Life as we know it changed in March 2020 for cancer patients when they were faced with COVID-19. The fear of exposure, the fear of being at risk because of underlying health conditions, and the fear of missing necessary appointments were all real concerns.
Another concern from COVID-19 that OHC is extremely concerned about is people who are delaying treatment, ignoring new or unusual symptoms, and delaying screenings to diagnose cancer in its early stages. A delay could result in cancers diagnosed at a later stage and patients could potentially have less desirable outcomes.
“We understand the anxiety patients are experiencing due to the COVID-19 pandemic, but if they don’t receive timely care, resume annual cancer screenings, and seek medical care when symptoms arise, I’m concerned we’ll see more advanced disease. More people may die from cancer who could have been successfully treated,” said D. Randolph Drosick, MD, medical oncologist, hematologist and president of OHC.
“We’re helping patients overcome their fears by following safety protocols established by the Centers for Disease Control and Prevention and the Ohio Department of Health,” said Dr. Drosick. “Meanwhile, our efforts and focus on leading-edge treatment options have not changed during this pandemic. We continue to bring lifesaving treatments like CAR T-cell therapy, new clinical trials and precision medicine. Yes, we have incredible, ground-breaking advancements in treatments, but it’s always better if we can prevent it or catch it early than treat it later.”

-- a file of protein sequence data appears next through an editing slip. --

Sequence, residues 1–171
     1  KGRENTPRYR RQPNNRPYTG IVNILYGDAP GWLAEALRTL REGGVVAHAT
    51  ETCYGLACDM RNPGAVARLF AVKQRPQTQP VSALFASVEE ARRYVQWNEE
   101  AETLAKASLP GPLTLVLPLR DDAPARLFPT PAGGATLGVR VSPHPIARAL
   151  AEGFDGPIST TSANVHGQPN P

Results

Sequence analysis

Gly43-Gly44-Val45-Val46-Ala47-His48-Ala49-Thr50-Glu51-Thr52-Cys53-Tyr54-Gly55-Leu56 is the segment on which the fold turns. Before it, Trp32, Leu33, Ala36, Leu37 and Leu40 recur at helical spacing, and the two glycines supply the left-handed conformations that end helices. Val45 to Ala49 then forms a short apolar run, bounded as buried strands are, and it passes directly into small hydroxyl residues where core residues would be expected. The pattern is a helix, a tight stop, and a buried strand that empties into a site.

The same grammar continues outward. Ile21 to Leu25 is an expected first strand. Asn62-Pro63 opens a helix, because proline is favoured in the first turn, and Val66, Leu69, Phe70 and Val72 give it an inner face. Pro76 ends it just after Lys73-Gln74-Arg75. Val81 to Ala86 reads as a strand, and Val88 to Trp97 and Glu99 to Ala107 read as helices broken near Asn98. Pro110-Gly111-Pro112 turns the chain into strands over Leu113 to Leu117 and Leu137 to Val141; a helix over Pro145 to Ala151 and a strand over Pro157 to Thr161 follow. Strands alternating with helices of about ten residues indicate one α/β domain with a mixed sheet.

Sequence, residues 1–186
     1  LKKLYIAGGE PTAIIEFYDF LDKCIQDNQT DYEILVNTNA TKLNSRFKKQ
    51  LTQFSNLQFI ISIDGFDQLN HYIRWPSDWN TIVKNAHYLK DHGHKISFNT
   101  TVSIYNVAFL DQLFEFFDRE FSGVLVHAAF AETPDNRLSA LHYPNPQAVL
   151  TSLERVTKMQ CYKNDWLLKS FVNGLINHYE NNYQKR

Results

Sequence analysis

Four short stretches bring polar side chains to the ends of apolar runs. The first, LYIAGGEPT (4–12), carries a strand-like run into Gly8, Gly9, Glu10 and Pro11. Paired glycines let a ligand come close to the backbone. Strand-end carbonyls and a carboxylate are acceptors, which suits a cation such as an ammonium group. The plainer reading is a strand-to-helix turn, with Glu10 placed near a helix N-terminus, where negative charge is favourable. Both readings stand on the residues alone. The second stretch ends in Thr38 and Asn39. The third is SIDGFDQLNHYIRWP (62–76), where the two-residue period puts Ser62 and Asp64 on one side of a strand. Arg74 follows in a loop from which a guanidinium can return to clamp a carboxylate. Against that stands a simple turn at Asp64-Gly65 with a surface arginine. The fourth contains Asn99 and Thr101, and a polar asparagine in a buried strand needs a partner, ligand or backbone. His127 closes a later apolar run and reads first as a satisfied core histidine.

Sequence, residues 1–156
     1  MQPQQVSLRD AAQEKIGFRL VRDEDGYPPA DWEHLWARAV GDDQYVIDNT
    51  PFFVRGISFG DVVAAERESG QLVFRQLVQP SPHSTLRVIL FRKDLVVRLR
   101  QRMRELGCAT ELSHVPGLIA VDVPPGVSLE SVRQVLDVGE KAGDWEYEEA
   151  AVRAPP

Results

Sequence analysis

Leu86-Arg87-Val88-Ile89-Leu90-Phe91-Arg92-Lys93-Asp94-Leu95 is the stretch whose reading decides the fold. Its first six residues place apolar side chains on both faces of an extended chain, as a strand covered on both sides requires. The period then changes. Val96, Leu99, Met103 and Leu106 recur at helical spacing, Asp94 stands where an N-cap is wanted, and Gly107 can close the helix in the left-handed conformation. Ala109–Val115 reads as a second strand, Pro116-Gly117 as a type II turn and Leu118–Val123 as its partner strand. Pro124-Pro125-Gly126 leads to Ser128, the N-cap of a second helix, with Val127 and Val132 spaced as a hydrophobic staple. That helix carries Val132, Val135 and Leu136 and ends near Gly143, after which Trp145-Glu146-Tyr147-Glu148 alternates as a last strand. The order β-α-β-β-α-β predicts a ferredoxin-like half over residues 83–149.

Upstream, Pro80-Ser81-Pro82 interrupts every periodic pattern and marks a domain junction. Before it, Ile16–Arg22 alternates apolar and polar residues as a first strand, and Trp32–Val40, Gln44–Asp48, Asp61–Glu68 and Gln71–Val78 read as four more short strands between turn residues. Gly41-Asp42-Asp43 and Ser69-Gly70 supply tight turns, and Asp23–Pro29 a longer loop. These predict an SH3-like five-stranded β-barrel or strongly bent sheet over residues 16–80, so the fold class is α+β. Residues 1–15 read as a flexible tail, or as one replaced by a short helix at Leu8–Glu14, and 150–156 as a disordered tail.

It’s imperative that patients return to taking care of themselves and not ignore any symptoms or unusual changes and seek medical care.
- Schedule your routine screenings. Prevention and early detection is the best medicine.
- Talk with your OHC doctor about receiving the COVID-19 vaccine.
- Speak with an OHC team member if you have any questions or concerns.